HealthDay News —  Elevated levels of certain inflammatory biomarkers correlate with an increased risk for disease exacerbations among patients with chronic obstructive pulmonary disease, study findings suggest.

Among study participants who had elevated levels of three high inflammatory biomarkers — C-reactive protein [CRP], fibrinogen and leukocyte count — risk for frequent exacerbations was increased approximately fourfold higher in the first year of follow-up and threefold higher using maximum follow-up time, compared with individuals who had no elevated biomarkers, according to Mette Thomsen, MD, from the Copenhagen University Hospital in Denmark, and colleagues.

“Simultaneously elevated levels of CRP and fibrinogen and leukocyte count were associated with increased risk of exacerbations in stable COPD, even for individuals with milder COPD and for those without previous exacerbations,” they reported in the Journal of the American Medical Association.

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The researchers conducted a prospective cohort study involving 61,650 participants in the Copenhagen City Heart Study and the Copenhagen General Population Study, who had spirometry measurements available. Overall, 6,574 patients with COPD were included in the final analysis. The researchers identified 3,083 exacerbations, for an average of 0.5 exacerbations per participant, during the median four year follow-up period.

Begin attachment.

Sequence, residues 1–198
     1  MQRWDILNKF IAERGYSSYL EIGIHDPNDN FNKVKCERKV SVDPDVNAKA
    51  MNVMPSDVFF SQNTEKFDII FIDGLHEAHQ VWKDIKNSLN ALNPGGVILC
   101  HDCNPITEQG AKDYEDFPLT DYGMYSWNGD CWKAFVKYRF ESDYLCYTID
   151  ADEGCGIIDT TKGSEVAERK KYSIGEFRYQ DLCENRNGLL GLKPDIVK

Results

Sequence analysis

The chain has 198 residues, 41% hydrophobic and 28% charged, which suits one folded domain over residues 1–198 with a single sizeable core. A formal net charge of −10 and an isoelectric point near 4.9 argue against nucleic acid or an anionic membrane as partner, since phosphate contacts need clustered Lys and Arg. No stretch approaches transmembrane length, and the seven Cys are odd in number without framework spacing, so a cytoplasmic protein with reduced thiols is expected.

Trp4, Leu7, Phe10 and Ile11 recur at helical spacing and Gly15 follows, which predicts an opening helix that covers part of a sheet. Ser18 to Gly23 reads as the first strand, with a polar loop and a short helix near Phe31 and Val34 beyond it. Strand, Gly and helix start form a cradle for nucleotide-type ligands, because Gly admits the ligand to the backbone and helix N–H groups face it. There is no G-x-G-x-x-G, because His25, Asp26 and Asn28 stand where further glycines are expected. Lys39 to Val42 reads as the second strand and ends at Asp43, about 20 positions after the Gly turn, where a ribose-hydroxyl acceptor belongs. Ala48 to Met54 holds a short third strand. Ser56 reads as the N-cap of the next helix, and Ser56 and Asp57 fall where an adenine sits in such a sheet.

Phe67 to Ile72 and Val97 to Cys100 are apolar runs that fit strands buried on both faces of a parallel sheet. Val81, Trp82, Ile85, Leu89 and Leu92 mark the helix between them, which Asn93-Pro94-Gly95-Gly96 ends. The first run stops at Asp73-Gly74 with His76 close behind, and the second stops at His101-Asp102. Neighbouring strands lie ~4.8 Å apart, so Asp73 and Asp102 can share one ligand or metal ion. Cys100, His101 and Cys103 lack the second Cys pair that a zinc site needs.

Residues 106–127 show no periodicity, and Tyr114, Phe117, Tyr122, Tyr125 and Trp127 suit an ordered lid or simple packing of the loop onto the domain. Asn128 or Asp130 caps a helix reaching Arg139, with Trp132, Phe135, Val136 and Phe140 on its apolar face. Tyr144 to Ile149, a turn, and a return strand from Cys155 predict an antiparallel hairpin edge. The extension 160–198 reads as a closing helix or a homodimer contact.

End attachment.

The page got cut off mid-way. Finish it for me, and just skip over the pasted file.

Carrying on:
In the year prior to examination, 244 individuals (4%) had one or more COPD exacerbations and 85 (1%) had their most recent exacerbation within two months of the examination date. In the first year of follow up, 129 participants had frequent COPD exacerbations (defined as two or more episodes).

Odds ratios for having frequent exacerbations in the first year of follow-up were 1.2, 1.7, and 3.7, respectively, for those with one, two and three elevated biomarkers, compared to those with no high biomarkers (trend: P=2 × 10−5), results of a multivariate-adjusted analysis revealed.

“The number of individuals with frequent exacerbations increased stepwise according to groups of inflammatory biomarkers,” the researchers wrote.

The number of COPD exacerbations in relation to biomarker presence was as follows:

  • No elevated biomarkers (N=3,293) — 9 per 1,000 person years (95% CI: 6.6-13)
  • One elevated biomarker (N=1,831) — 17 per 1,000 person years (95% CI: 12-25)
  • Two elevated biomarkers (N=1,066) — 32 per 1,000 person years (95% CI: 24-46)
  • Three elevated biomarkers (N=384) — 81 per 1,000 person years (95% CI: 59-120)

At maximum follow-up, the corresponding hazard ratios were 1.4, 1.6 and 2.5 (trend: P = 1 × 10−8). For those with milder COPD and those with no history of exacerbations, the relative risks were consistent.

“Further investigation is needed to determine the clinical value of these biomarkers for risk stratification,” the researchers wrote.


  1. Thomson M et al. JAMA. 2013;309(22):2353-2361.